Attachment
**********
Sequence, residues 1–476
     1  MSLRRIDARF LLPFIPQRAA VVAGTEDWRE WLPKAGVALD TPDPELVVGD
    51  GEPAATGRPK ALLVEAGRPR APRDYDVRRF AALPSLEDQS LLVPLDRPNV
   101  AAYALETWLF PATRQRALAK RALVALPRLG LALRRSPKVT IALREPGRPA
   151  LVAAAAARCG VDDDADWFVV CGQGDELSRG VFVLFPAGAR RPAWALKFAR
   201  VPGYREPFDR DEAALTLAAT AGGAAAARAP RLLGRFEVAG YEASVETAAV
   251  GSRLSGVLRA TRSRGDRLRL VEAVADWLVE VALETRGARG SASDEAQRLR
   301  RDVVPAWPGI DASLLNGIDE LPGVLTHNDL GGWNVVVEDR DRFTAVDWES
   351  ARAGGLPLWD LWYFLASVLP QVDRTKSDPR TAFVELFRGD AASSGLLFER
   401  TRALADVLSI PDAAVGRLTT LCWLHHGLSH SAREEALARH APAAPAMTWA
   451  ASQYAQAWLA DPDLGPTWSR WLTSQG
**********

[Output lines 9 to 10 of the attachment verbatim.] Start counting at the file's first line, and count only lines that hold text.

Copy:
   351  ARAGGLPLWD LWYFLASVLP QVDRTKSDPR TAFVELFRGD AASSGLLFER
   401  TRALADVLSI PDAAVGRLTT LCWLHHGLSH SAREEALARH APAAPAMTWA